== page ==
14 Converse Shoes
Converse began it’s journey in 1917 as the Converse Rubber Corp. They marketed the first mass-produced basketball shoe. The company signed up Charles Hollis ‘Chuck’ Taylor, a basketball player that played for Columbus Commercials. At the time, he was a big star.
Taylor took to the streets with the shoes, promoting it at basketball clinics and schools. In 1932, Converse put his name on their shoes. This was the first co-branded shoe alliance in history.
It ruled the athletic market from its founding at the beginning of the 20th century until the 1970s, but then Nike and Adidas muscled their way in and Converse faded, filing for bankruptcy in 2001. The high top came in 1947 which was an invention by Taylor. It was advertised simplistically as a basketball shoe. It came in three colors and they were cheap. Converse made 750 million of these original shoes. They enjoyed a total of 80% of the market share.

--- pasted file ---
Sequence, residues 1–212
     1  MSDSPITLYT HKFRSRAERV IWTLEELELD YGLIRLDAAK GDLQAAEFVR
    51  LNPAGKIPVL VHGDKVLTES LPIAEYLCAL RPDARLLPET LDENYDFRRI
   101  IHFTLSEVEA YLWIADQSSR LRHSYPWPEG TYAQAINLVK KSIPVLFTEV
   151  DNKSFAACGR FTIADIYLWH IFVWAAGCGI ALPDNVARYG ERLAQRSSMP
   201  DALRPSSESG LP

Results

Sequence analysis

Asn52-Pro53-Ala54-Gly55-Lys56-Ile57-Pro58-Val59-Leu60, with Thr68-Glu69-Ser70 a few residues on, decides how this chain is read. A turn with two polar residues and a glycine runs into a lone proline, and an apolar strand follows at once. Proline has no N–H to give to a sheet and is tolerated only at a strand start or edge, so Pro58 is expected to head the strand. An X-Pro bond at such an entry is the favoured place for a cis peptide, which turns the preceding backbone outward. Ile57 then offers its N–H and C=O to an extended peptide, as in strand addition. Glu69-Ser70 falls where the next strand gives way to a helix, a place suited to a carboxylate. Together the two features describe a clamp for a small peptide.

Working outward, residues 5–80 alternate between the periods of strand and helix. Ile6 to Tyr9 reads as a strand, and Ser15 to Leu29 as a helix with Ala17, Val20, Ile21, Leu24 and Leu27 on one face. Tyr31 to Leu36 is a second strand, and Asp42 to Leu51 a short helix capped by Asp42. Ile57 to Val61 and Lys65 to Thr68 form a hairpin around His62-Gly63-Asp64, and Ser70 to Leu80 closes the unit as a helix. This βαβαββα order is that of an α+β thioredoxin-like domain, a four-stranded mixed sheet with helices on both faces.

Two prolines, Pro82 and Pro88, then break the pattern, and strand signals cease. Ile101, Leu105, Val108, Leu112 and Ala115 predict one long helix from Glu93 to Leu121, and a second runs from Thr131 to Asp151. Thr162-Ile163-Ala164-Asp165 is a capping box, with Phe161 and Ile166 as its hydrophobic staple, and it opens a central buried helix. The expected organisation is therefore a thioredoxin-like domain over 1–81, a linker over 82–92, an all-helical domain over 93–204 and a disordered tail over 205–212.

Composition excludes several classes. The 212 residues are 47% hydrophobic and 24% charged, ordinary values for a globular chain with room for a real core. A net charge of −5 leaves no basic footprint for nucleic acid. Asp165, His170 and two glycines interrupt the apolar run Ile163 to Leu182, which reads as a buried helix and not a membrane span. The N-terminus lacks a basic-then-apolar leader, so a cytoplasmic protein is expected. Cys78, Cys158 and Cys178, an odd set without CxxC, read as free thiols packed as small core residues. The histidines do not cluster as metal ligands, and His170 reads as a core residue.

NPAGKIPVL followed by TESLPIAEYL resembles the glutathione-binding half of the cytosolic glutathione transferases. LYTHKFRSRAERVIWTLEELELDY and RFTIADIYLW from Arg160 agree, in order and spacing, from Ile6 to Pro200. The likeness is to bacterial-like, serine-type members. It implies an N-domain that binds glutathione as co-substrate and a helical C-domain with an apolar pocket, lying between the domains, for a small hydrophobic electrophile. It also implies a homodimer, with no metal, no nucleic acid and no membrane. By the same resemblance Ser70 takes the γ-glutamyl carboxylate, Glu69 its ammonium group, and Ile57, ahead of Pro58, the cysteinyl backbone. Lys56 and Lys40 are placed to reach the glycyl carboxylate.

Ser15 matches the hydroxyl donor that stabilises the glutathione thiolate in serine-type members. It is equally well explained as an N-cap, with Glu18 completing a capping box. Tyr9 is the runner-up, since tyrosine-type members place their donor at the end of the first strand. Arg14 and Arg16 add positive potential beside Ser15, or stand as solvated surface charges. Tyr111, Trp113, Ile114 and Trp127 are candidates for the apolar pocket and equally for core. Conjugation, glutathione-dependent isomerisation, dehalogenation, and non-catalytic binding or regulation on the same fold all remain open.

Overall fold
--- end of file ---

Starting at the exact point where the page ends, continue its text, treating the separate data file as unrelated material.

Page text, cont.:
In the 1970s, brands like Adidas and Nike came onto the scene. They swept up the market shares with their promise of a high quality shoe. They had cooler styles and all the big NBA stars were endorsing them. Stars that were in their prime as opposed to Check. In 1998, Converse suffered when their market share fell to 2.3%. They became pretty much extinct.
Athletes may have switched to Nike but cultural iconoclasts like Hunter S. Thompson and the Ramones embraced the idealism of the shoe company. Rock and roll was a major factor in the rebirth of Converse. Converse always had the secret ingredient to regenerate popularity.
Nike purchased Converse in 2003 for $305 million and used all it’s cultural might to bring Chuck Taylors back where they belonged. While Converse is no longer a popular basketball shoe, they are an epic piece of shoe history that people have embraced fully once again.